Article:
Hear From Sean J. White

Sean

Sean J. White arrived to prison in 1997 at the age of nineteen. His short fiction and poetry have appeared in numerous journals, most recently Xanadu, Natural Bridge, and Connecticut River Review. He has previously won awards from PEN American Center’s Writing Awards for Prisoners, honorable mention for poetry in 2013 and second place for drama in 2014. He is a fine artist as well as writer.

With Sean being an incarcerated writer, the interview we have below is a little different from traditional Quick Temper interviews. PEN America posed Sean questions about how the literary community can engage with incarcerated writers, and this is the response he had. We implore you to read it, and pursue the ways in the Sean implores for more inclusivity.

What are your hopes for how your work is received by literary community on the outside?

Bright lights, big city. I aspire to fame inasmuch as most people do. Who in their life has not entertained a daydream of being a high-profile artist? I want to someday do an interview on Fresh Air, and be featured on a segment of the PBS Newshour. Such things, however, do not occur without people, that is, if no one hears or sees my work, the work will remain confined to the limits of my existence. Of course, I had better put together damn good work if I want recognition. 

I want notoriety and acclaim within the literary community because I have this dream that if my work becomes significant enough it will help me get out of prison–be it commutation, or parole, or whatever. Is that realistic, or does it fall within the theme of David Hammons’ “Higher Goals” sculpture? At the same time anything I achieve affects the collective. With a spotlight, prison and the issues of mass incarceration appear in the background. To some extent some people will take an interest in at least learning more about my circumstances inasmuch as a person reading Jhumpa Lahiri takes an interest in India. Any level of fame I gain also gives me a platform to highlight prison issues.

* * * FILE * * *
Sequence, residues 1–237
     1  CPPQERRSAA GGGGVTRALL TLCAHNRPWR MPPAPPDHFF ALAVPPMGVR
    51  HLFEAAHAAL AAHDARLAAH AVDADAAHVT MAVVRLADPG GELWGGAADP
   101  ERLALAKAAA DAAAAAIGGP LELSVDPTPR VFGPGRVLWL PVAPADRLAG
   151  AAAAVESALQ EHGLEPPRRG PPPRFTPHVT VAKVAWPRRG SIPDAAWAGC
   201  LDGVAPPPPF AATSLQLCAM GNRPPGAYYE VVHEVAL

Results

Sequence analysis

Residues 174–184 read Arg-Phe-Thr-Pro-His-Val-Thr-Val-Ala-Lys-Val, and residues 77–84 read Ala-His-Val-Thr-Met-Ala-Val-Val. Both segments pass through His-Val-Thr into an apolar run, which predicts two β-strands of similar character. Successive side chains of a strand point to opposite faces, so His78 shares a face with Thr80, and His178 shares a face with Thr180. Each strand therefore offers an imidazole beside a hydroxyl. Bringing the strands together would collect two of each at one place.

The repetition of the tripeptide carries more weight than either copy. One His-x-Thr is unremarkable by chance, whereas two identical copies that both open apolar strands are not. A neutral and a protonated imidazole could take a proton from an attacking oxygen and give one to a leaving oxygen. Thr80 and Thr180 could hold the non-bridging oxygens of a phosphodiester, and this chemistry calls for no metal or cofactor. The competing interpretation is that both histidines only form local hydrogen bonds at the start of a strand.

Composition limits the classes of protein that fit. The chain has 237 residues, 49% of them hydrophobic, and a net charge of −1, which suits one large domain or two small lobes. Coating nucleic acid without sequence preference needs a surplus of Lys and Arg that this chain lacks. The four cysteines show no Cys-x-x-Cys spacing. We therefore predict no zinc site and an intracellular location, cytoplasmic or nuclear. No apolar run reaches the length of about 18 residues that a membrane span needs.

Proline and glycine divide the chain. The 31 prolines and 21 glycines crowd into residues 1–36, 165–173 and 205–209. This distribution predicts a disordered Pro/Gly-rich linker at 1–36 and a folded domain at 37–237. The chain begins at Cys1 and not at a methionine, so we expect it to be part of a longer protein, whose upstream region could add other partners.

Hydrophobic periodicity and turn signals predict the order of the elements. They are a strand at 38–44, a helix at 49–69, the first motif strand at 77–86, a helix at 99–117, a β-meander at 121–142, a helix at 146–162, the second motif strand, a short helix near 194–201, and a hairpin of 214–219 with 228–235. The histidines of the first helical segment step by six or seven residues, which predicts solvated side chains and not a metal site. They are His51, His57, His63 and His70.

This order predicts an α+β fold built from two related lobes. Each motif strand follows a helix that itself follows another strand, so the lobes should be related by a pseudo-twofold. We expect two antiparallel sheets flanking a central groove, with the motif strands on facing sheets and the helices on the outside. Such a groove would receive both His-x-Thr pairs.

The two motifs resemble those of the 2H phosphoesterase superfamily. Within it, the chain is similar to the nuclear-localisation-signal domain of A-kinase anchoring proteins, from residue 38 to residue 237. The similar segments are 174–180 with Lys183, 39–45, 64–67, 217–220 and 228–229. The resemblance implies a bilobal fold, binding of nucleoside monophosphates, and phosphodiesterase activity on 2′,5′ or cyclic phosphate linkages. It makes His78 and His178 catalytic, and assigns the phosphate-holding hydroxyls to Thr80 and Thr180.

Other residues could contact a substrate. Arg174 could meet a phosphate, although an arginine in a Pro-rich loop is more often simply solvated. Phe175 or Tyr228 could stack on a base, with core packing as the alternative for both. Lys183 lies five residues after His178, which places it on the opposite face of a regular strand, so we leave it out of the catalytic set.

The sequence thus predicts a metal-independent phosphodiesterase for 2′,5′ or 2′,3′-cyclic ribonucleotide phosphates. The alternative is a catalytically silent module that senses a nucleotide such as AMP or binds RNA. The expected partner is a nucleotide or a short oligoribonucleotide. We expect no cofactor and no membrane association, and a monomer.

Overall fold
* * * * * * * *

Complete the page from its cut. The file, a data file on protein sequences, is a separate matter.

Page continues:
In what ways can you envision a lasting connection with literary community outside the walls? From your perspective, what can we do to be more inclusive, or to help shift the narrative?

The incarcerated are famished for connection, and connection requires dialog. Outside

of prison people go to where the literary community congregates–readings, bookstores, workshops, et cetera. We have little of that here, and that which we do is typically brought from the outside. I feel it necessary to say that although some in prison have less than ideal intent, most have a genuine desire to have a reciprocal relationship (I use that word in the broadest sense) with those who communicate and connect with them.

Additionally, gatekeeping (in the literal and metaphorical sense) creates issues. Prison staff deny access at times to those wishing to say, run a workshop, and impose numerous restrictions on those they do let in. From the literary community gatekeeping occurs because of the sheer volume of requests — insufficient money, insufficient time.

For anything to succeed requires grassroots development. That is, if a non-incarcerated writer “adopts” one incarcerated writer into his or her circle, or a bookstore “adopts” twenty five to fifty incarcerated writers, eventually the majority receive the connection they need and desire as enough people and venues participate. The problems always develop because the desire/need for connection by the incarcerated exceeds the capacity of any one person, organization, or venue.

All that stated, I have three suggestions to make a more lasting connection between incarcerated writers and the literary community.

First, bring more workshops and reading to jails and prisons. The poet Bruce Dethlefsen visited New Lisbon Corr. Inst. several times while I resided there. He would read a few poems, then issue prompts the results of which we could share with the group. Unfortunately, he is one man, and there are over a hundred prisons, correctional centers, and county jails in Wisconsin alone. That puts the national number well in the thousands.

Second, newsletters. A regular compilation of news and notes for and about incarcerated writers. It could lead to a journal exclusively for the incarcerated. Finding places for prisoner writers to have their work seen (if not published) is imperative.

Finally, I would suggest something akin to PEN’S mentorship program, though on a grander scale. It would provide more inclusion in the literary community. Unfortunately, anonymity costs money. However, in a system operated by, say, a bookstore, such correspondents could pay for postage and use the address of the venue that a person might visit regularly any way. In those cases where a prisoner has access to Corrlinks (an electronic messaging service–growing more frequent in application) or something similar, a postcard could be sent with a name and email address. The likelihood of potential crimes perpetrated against a correspondent seem minimal.

Writing a cross-country prisoner would diminish that further, as most blue-collar crimes involve drugs, and what drug-addled mind drives hundreds of miles to burglarize a home (Truman Capote’s book offering an outlier). I hope this helps.

Sean J. White will be heard through an Audio recording, and then his work will be presented by poet Kwame Opoku-Duku at An Angry Reading Series on September 14, 2019. Come through! 

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